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BANTERLA. APPEAL PENNSYLVANIA LIQUOR CONTROL BOARD. (BANTERLA LIQUOR LICENSE CASE.) (04/11/50)

April 11, 1950

IN RE BANTERLA. APPEAL OF PENNSYLVANIA LIQUOR CONTROL BOARD. (BANTERLA LIQUOR LICENSE CASE.)


COUNSEL

Ernest F. Walker, Sp. Deputy Atty. Gen., Horace A. Segelbaum, Deputy Atty. Gen., T. McKeen Chidsey, Atty. Gen., for appellant.

No book or appearance for appellee.

Before Rhodes, P. J., and Hirt, Reno, Dithrich, Ross and Arnold, JJ.

Author: Per Curiam.

[ 166 Pa. Super. Page 545]

PER CURIAM.

The question presented in this liquor case is whether or not the Court of Quarter Sessions of Cambria County, upon appeal by Joseph Banterla from an order of the Pennsylvania Liquor Control Board revoking his restaurant liquor license, effective June 1, 1948, could within its discretionary power modify the order of the Board by directing a ninety-day suspension in lieu of revocation. It is the general rule, applicable to such appeals that, unless the court's findings of fact are different from those of the Board, the penalties imposed by the Board in the proper exercise of its discretion must stand. Appeal of Enlisted Men's Club of Trafford, Liquor License Case, 166 Pa. Super. 26, 30, 70 A.2d 696.

The findings of the Board may be summarized briefly as follows: (1) The licensee, his servants, agents, or employes sold, furnished and/or gave liquor and/or malt or brewed beverages to visibly intoxicated persons; (2) sold, furnished and/or gave liquor and/or malt or brewed beverages to guests or patrons on Sundays; (3) sold, furnished and/or gave liquor and/or malt or brewed beverages between the hours of two o'clock antemeridian and seven o'clock antemeridian; (4) permitted minors to frequent the licensed premises; (5)

[ 166 Pa. Super. Page 546]

    conducted the licensed establishment in a disorderly manner; (6) permitted gambling on the licensed premises; (7) failed to maintain sufficient illumination to insure clear visibility within the licensed premises; and (8) permitted dancing on the licensed premises on a day or during hours when the sale of liquor and/or malt or brewed beverages was prohibited. On the appeal from the order or the Board, no additional testimony or evidence was presented; it was stipulated by counsel that the court should dispose of the appeal upon the transcript of the testimony taken before the board examiner. Subsequently, the court filed its opinion adopting the first, second, third, and eighth findings of the Board, but making certain changes in the fourth, fifth, sixth, and seventh findings; and it ordered the license suspended for a ninety-day period in place of the Board's order of revocation.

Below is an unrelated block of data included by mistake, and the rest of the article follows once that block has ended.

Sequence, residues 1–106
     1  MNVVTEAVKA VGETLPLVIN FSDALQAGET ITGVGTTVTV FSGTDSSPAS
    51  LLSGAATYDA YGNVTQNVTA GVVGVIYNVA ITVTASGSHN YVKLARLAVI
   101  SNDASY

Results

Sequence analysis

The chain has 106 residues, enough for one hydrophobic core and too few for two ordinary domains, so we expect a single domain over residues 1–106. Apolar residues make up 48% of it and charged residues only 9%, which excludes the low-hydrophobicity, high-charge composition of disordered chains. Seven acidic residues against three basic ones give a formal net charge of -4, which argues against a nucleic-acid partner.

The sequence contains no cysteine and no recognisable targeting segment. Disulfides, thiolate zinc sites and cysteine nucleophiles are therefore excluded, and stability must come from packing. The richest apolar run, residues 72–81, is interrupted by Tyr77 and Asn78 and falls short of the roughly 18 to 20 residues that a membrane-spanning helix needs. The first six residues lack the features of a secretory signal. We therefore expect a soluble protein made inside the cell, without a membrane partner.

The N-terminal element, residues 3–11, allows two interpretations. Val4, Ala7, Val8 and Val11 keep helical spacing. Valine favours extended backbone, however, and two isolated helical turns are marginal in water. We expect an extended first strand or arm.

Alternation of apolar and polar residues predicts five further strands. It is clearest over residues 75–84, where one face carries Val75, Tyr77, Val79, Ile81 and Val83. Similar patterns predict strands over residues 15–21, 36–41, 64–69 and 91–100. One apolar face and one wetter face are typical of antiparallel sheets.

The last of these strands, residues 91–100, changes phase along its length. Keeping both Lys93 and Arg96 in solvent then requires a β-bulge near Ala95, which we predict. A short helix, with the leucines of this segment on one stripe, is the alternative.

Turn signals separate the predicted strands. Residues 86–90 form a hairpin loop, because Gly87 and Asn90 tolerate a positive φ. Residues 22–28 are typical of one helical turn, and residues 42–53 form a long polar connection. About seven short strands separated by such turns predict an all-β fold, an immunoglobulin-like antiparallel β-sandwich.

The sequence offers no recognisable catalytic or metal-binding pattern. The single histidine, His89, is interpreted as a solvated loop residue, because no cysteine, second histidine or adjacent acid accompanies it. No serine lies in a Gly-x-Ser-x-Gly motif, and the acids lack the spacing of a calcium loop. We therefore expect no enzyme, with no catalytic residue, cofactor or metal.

The court misconstrued the Board's fourth finding of fact in holding that there was not enough testimony to penalize the licensee on the charge of selling intoxicants to minors. The Board made no finding relative to selling intoxicants to minors, but it did find that on certain dates minors were permitted by the licensee, his servants, agents, or employes to frequent the licensed premises. However, the court below did find that minors were found on the licensed premises.

As to conducting the licensed establishment in a disorderly manner (fifth finding of fact), the court said: 'There is some evidence that some of the patrons in the establishment were at times disorderly. Of course, it is to be understood that guests at an establishment of this character are usually laborers or coal miners, and their conduct may not be just what it should be. I do not believe that we would be justified to find as a fact, under the evidence, that the place was operated disorderly and warrant the imposition of a penalty.' It is apparent from this finding that the court conceded the fact of

[ 166 Pa. Super. Page 547]

    disorder; and no finding was made that the licensed establishment was properly conducted. In Re Lande Liquor License Case, 163 Pa. Super. 365, 367, 62 A.2d 101, 102, we said: 'In its opinion it [the court below] makes no reference to the violations specifically found by the board except in so far as the licensed premises may have been disorderly. In this connection the court said that it could not be expected that the licensed premises located in the heart of the so-called 'tenderloin district' of Philadelphia would be as quiet and orderly as a place in a residential section of the city. ...


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